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RE: More fulltext advocacy (was Re: Lee's feature proposal)

From: Clark, John <CLARKJ2@ccf.org>
Date: Mon, 4 May 2009 10:23:12 -0400
Message-ID: <F122C25B4CD6F34BB119A9759367960104595D28@CCHSCLEXMB59.cc.ad.cchs.net>
To: public-rdf-dawg@w3.org
Kjetil wrote:
> I think it would be very unfortunate to not have any standardised fulltext 
> capability in SPARQL, as it signals that "if you have a search box on your 
> site that is used extensively by your users, then SPARQL is not suitable for 
> you". Even if there are extensions that does free text, this is a message 
> that I for one, would be very concerned about as it is most of the current 
> web.

I agree, and I think it's a useful exercise to try to standardize "general text search", perhaps even for consumption by technologies other than SPARQL.

> We sometimes match strings with regular expressions, but never with exact 
> string match. Regular expressions are far too flexible to be useful in many 
> contexts.

Indeed, regular expressions are too powerful for this type of feature.  They require users to learn a new skill, which prevents them from being useful immediately, and in many cases from being used at all.  In addition, regular expressions have a strict syntax; that is, they accept only a subset of all possible strings.  Instead, I think it must be a design feature of general text search that any search string is acceptable.  Finally, I think a more restricted set of features would allow for a more efficient indexing implementation.

> All we have used so far can be summarised as follows:
> 1) Terms shorter than three characters are ignored.

So, with this feature, query string "Amazon S3" would be equivalent to "Amazon" and query string "theorems about ?" would be equivalent to "theorems about", correct?  This makes me uneasy.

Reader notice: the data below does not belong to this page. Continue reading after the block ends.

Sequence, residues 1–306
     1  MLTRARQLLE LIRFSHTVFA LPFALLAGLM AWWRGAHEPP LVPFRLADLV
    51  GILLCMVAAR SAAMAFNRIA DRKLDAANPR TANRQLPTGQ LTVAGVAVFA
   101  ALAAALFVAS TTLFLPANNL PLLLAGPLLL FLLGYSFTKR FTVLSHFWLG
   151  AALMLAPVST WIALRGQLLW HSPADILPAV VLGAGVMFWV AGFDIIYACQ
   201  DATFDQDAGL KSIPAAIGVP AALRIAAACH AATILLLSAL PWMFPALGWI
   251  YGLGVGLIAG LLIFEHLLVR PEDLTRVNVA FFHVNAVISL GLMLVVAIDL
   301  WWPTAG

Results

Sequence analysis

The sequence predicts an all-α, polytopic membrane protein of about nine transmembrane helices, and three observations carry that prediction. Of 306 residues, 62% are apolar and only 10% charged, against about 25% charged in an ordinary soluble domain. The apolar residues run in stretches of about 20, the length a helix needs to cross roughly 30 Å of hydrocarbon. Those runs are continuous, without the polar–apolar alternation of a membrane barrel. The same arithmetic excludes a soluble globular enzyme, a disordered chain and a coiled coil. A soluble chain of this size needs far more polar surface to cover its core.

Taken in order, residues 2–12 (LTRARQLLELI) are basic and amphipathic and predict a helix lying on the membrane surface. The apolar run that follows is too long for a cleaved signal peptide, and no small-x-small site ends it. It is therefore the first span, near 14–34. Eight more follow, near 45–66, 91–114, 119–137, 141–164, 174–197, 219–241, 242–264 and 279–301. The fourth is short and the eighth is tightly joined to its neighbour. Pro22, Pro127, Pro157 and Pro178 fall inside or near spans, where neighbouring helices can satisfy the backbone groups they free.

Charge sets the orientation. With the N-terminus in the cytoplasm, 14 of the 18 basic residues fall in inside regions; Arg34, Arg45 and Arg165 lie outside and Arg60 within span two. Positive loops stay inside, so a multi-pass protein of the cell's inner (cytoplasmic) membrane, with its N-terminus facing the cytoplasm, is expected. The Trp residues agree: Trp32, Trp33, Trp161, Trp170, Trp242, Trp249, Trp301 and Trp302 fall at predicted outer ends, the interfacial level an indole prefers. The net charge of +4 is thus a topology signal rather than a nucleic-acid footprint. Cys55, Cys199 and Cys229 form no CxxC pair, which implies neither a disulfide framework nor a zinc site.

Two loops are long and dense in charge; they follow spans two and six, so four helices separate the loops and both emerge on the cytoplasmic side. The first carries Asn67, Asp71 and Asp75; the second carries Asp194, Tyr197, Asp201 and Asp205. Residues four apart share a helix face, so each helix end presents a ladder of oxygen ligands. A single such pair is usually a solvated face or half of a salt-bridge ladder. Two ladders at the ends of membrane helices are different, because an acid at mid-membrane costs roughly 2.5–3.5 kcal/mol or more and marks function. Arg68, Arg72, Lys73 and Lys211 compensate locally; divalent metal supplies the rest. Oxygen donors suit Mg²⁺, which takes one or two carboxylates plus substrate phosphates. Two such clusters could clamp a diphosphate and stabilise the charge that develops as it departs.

> 2) a single terms is matched exactly against a whole word.
> 3) a single term ending in asterisk is matched against words beginning with 
> the term.
> 4) multiple terms with AND matches all words in any order.
> 5) multiple terms with OR matches any words in any order.
> 6) multiple terms without an operator matches all words in the given order.
> 
> At some point, we had phrase search too, which is a nice feature but I think 
> we dropped it.

I think this is a reasonable set, but I'd also like to approach it slightly differently and try to standardize what already exists (and thus is reasonably "well understood" by users).  That is, I'd suggest standardizing generalized text search as "what Google does", including phrase search with quotes, term negation, and query extensions with syntax like "loc: cleveland, ohio" (e.g. in Google maps).

Take care,

    John L. Clark

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Received on Monday, 4 May 2009 14:24:04 GMT

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